Approximately 13% of parents say one or more of their kids have moved back in, according to a Pew Research Center survey. According to Monster.com, about 40% of 2008 college graduates and 42% of 2006 college graduates have not even left their homes yet to start out on their own. The following mistakes, according to FoolProof, virtually guarantee that young people will be living at home again soon:
You actually believe advertising claims. “Young people need to slow down before making purchases,” deHoo said.
You don’t read the fine print. “Frankly, who can even see the fine print,” deHoo said. “But fine print, when you can decipher it, usually says the opposite of the big print.”
You impulse buy. “Virtually all advertising encourages us to impulse buy, and those purchases nearly always mean you’re making a very bad money burn.”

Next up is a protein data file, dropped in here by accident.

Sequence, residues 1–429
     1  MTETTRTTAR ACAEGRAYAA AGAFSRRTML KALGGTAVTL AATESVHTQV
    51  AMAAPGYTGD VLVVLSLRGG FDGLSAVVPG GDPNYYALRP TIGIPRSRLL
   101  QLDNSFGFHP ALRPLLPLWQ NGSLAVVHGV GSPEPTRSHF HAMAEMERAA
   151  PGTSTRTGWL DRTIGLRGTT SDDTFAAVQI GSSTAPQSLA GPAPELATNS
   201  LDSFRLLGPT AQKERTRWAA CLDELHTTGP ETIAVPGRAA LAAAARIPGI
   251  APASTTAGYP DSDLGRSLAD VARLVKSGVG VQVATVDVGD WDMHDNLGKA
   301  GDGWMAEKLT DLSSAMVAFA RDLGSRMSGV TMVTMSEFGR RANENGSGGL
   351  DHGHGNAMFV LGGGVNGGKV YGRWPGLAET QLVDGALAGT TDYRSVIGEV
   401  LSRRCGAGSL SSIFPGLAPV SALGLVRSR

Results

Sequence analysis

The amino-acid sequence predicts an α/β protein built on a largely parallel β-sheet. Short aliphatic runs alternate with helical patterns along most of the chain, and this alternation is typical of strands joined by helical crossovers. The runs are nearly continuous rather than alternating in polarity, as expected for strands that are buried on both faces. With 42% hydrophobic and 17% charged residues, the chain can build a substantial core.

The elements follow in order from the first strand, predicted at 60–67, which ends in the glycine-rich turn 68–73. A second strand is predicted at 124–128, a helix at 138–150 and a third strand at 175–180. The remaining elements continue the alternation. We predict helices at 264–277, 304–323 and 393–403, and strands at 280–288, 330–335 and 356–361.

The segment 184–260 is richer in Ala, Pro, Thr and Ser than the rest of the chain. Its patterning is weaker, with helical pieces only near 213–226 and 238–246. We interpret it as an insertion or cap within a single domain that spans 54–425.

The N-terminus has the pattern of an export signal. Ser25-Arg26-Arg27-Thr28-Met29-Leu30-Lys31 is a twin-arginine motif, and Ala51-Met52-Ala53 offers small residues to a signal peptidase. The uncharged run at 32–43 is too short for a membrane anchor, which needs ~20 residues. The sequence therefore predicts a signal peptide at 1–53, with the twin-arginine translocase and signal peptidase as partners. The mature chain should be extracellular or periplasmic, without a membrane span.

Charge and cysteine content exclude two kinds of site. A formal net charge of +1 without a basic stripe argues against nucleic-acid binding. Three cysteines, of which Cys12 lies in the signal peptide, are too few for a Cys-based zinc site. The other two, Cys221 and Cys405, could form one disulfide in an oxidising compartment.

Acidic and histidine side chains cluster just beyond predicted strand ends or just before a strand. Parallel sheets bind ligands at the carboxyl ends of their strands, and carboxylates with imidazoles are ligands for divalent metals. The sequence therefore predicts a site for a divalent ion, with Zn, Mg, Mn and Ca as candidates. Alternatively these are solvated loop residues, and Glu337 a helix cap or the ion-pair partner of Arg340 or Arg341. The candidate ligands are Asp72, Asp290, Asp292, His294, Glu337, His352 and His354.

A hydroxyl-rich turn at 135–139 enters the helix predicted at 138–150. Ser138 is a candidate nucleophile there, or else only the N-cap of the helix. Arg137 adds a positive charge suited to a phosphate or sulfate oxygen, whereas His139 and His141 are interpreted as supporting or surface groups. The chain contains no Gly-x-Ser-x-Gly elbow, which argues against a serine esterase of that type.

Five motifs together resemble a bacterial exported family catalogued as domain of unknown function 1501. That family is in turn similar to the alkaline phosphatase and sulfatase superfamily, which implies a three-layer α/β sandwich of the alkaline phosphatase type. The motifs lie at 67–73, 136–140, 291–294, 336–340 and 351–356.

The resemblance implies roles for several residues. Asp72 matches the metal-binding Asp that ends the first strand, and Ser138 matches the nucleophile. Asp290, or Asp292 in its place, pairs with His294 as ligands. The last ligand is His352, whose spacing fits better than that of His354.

You shop without a list. “Make your list on a full stomach, and never deviate from the list!”
You status-buy. “If you’re paying for a label, you’re paying too much,” deHoo said.
You don’t research your purchase. “The web is a great place to learn the truth about a product or service via independent reviews.”
You’re addicted to credit cards. “Here’s how to know if you’re addicted: if you finance anything on a credit card, you have a very expensive addiction. Break the habit. Put the credit cards away and use your debit card or cash.”
You don’t shop your bank. “Why are you banking with an institution that charges you for a checking account, or charges you outrageous fees? Ever heard of a credit union?”
You still don’t budget. “Young people live for the day when they move out on their own,” deHoo said. “But here’s the problem: many of us live for the day, literally, when we move away from home. We don’t think much about the future, and we enjoy our new freedom too much, burning money without thinking.”
You don’t save money regularly. “Everybody can save money. FoolProof shows you how to set up a ‘forced’ saving plan.”
The weak economy is forcing many adult children to move back home with mom and dad. Here are common mistakes that children make that hurt their finances, according to FoolProof.